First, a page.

Towards a Secure and Resilient Vehicle Design: Methodologies, Principles and Guidelines


Kim Strandberg

The advent of autonomous and connected vehicles has brought new cyber security challenges to the automotive industry. It requires vehicles to be designed to remain dependable in the occurrence of cyber-attacks. A modern vehicle can contain over 150 computers, over 100 million lines of code, and various connection interfaces such as USB ports, WiFi, Bluetooth, and 4G/5G. The continuous technological advancements within the automotive industry allow safety enhancements due to increased control of, e.g., brakes, steering, and the engine. Although the technology is beneficial, its complexity has the side-effect of giving rise to many vulnerabilities that might leverage the potential for cyber-attacks. Consequently, there is an increase in regulations that demand compliance with vehicle cyber security and resilience requirements that state vehicles should be designed to be resilient to cyber-attacks with the capability to detect and appropriately respond to these attacks.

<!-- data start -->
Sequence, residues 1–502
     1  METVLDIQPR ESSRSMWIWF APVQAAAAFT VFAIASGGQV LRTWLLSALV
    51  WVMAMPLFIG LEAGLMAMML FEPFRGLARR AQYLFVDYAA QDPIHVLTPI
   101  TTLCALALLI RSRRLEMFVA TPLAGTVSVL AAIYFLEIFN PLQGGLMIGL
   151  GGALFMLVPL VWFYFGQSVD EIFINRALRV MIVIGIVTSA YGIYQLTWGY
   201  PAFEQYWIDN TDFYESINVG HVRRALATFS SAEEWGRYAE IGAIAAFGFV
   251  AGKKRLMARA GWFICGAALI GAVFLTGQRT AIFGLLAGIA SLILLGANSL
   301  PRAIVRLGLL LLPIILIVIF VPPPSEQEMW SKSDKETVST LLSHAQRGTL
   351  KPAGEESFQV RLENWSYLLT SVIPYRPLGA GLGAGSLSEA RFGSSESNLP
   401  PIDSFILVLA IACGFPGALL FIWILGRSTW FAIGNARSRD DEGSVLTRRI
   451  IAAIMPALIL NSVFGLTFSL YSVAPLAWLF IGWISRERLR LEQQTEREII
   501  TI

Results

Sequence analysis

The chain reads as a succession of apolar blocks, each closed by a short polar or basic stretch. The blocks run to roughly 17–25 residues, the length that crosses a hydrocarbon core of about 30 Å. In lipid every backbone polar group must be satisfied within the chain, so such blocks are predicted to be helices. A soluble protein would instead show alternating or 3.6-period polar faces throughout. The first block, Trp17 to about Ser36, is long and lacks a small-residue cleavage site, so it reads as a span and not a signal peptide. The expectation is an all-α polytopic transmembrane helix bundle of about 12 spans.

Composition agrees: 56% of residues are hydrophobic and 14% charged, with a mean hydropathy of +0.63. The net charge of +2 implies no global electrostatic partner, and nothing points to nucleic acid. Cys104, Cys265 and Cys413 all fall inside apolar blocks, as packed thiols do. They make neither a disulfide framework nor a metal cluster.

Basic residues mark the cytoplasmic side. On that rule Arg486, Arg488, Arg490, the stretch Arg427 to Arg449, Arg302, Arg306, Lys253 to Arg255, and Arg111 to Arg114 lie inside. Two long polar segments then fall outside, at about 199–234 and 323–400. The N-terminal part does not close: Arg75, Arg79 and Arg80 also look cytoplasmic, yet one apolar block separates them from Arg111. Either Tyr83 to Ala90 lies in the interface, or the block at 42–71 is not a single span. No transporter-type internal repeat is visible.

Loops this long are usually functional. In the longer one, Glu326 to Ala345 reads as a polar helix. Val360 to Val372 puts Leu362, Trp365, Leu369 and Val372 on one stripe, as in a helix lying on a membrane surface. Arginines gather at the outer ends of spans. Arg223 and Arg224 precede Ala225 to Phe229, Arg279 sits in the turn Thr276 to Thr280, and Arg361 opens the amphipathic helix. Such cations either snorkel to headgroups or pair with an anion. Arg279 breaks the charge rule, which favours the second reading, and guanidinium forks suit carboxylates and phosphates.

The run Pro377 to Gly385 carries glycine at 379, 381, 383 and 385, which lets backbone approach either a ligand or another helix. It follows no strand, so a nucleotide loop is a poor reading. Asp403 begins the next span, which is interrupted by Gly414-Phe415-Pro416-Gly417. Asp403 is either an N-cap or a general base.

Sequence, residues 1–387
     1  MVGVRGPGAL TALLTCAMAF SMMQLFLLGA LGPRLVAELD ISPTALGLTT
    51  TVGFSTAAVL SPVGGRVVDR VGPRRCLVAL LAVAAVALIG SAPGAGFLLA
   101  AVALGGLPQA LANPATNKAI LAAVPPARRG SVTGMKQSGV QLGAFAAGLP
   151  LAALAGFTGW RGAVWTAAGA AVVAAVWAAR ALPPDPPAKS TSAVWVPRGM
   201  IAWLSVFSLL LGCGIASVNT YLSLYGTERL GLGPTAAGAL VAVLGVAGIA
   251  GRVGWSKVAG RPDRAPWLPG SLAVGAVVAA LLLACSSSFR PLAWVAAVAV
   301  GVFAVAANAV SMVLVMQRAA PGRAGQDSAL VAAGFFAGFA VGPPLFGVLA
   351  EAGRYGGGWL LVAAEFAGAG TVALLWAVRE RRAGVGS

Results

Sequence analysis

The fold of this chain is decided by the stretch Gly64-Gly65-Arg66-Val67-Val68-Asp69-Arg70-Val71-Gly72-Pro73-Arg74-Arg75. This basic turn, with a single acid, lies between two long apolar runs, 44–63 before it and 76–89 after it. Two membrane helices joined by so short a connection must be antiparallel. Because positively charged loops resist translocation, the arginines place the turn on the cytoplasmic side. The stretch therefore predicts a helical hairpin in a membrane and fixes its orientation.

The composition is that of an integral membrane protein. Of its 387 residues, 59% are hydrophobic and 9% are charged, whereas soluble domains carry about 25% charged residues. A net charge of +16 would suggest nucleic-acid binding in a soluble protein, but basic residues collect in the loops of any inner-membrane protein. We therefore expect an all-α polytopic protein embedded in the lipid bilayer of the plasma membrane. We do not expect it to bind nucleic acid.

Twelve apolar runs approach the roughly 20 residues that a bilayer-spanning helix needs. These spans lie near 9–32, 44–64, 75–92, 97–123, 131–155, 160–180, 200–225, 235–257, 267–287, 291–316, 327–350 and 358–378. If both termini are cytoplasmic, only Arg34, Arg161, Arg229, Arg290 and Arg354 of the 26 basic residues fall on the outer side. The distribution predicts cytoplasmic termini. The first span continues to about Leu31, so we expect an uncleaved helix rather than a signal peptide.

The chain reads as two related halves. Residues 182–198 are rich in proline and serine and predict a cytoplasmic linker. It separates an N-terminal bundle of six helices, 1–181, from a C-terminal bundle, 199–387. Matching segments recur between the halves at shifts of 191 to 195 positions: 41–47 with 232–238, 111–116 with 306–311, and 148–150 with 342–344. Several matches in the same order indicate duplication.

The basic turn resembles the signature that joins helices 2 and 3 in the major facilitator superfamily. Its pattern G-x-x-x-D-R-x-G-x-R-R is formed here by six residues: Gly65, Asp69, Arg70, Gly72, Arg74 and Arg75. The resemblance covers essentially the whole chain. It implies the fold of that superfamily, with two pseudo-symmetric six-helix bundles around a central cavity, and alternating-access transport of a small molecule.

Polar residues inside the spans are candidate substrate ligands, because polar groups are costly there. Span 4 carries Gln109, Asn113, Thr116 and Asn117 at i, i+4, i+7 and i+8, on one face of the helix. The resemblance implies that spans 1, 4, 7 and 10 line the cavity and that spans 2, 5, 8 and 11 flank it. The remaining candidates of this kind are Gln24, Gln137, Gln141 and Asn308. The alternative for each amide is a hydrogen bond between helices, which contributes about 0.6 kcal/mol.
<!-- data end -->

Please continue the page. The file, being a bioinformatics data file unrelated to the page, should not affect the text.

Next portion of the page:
Moreover, increasing requirements for automotive digital forensic capabilities are beginning to emerge. Failures in automated driving functions can be caused by hardware and software failures as well as cyber security issues. It is imperative to investigate the cause of these failures. However, there is currently no clear guidance on complying with these regulations from a technical perspective.

This presentation briefly introduces some background to automotive cyber resilience research, its challenges, as well as ongoing work.